Women on the Shelf -Testament of Youth by Vera Brittain

In launching the Women On The Shelf collaboration between the3rdi magazine and Glasgow Women’s Library it seemed only fair that I should introduce the concept and write the first review.

The project asks women from all walks of life to discuss a book which means something special to them. It doesn’t have to be drawn from classical literature, it can be fiction or non-fiction. The only criteria are that it should be written by a woman and that it is important to them in some way. We’re not looking for an academic review of the book but rather an understanding of why that book is important to the woman, what made it special in her life.

The book that sprang to mind for me was Vera Brittain’s Testament of Youth. Had it not been for the BBC I probably would never had read this book. I don’t read biographies, historical novels, war stories or, crucially, big books! In fact in re-visiting the book for this column, I’m amazed that I ever read a book of this size!

But in the late 1970’s the BBC dramatised the book for TV. There was something in the trailer that caught my eye. It was the image of the nurse standing at the railway station alone as the train stood at the station, exactly as reproduced on the cover of my edition of the book. And when I learned that Vera Brittain was the mother of a hero of mine, Shirley Williams, I had to read the book.

Testament of Youth is a powerful personal memoirs bearing witness to the horrors of the First World War through Vera Brittain’s first-hand experience as a volunteer nurse in England and on the Western Front and through the desolation and loss that was to affect a whole generation.

I a very real sense the war stole Vera’s innocence as well as her friends, she lost a brother, a fiance and two close friends, and her future. In fact the book starts with a fairystory where a woman, Catherine, is given a choice between a happy youth and a long-life and chooses the latter. At the end of the war Vera returned to her studies in Oxford and was devastated when younger students found her recollections of the war to be boring and records that “Why couldn’t a torpedo have finished me off. I’m nothing but a piece of wartime wreckage living ingloriously in a world that doesn’t want me.” It is against this background that Testament of Youth was written and it is clear that Vera feels she has made the same choice as Catherine. I remember finding her self pity and fondness of the melodramitic more than a little tiresome but I was impressed by her bravery.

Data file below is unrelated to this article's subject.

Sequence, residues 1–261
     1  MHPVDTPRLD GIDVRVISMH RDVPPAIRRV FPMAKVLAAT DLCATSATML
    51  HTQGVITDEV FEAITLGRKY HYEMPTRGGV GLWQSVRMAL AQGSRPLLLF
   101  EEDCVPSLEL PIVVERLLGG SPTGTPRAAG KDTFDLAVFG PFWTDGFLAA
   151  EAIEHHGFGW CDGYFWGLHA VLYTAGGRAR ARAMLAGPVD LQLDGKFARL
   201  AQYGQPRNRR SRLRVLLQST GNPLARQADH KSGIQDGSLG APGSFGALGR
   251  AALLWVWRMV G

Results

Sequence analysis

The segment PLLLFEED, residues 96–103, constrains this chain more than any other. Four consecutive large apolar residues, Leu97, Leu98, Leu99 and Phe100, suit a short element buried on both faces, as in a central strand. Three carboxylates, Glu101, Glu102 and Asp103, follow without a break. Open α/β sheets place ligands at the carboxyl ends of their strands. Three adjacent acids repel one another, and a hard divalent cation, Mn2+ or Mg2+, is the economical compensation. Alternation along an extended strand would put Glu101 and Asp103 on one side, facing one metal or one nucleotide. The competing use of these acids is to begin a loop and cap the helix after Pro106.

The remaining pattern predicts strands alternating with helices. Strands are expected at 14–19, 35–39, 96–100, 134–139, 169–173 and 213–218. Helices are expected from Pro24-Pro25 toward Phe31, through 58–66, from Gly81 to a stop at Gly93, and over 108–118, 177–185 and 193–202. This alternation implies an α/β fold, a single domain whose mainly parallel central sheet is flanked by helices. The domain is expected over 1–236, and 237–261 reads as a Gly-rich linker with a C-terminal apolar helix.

She was always ready to act and to experience the horrors of war for herself. In this regard, she was the sort of young woman that I would have liked to be; there at the front rather than sitting at home growing vegetables or sewing uniforms. I was, you understand, in my late teens and had not long emerged from the phase that afflicts many a young girl – that of wanting to be a martyr, laying down my life for some just and noble cause or at the very least living a life of admirable poverty curing diseases in far flung corners of the empire.

I fancied myself as an idealist and, initially at least, I identified with young men marching to war in what they were sure was a just cause. But reading Testament of Youth and the war poems of Sassoon and Owen in particular which I discovered at about the same time opened my eyes to the truth of war Рthat death is often futile, mainly stupid, frequently needless and always, always a tragedy. Reading the book changed my worldview and sent me down the path of pacifism and confirmed in me a dislike of all things military, anything that is any way jingoistic and a mistrust of authority,  here exemplified by those nameless faceless individuals who send young men to war while sitting safe in their own homes.

Looking back I am even prepared to forgive her constantly feeling sorry fer herself and the feeling that she conveys that somehow the war was a tragedy just for her, or at least one that was much worse for her than anyone else who lived through it. I can now see that she was a very young woman when she experienced the horrors of war and still young when she put those experiences on paper. Taking a call which you expect to tell of the return of your fiance on leave only to find that it brings news of his death entitles you to be melodramatic.

The book was certainly an important one for me and while I think that there have been fuller commentaries on the horrors of war since, this very personal story still has something to say about the futility of war and, more importantly, the loss of innocence.

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In 1914 Vera Brittain was 21 years old, and an undergraduate student at Somerville College, Oxford. When war broke out in August of that year, Brittain “temporarily” disrupted her studies to enrol as a volunteer nurse, nursing casualties both in England and on the Western Front. The next four years were to cause a deep rupture in Brittain’s life, as she witnessed not only the horrors of war first hand, but also experienced the quadruple loss of her fianc√©, her brother, and two close friends. Testament of Youth is a powerfully written, unsentimental memoir which has continued to move and enthral readers since its first publication in 1933.

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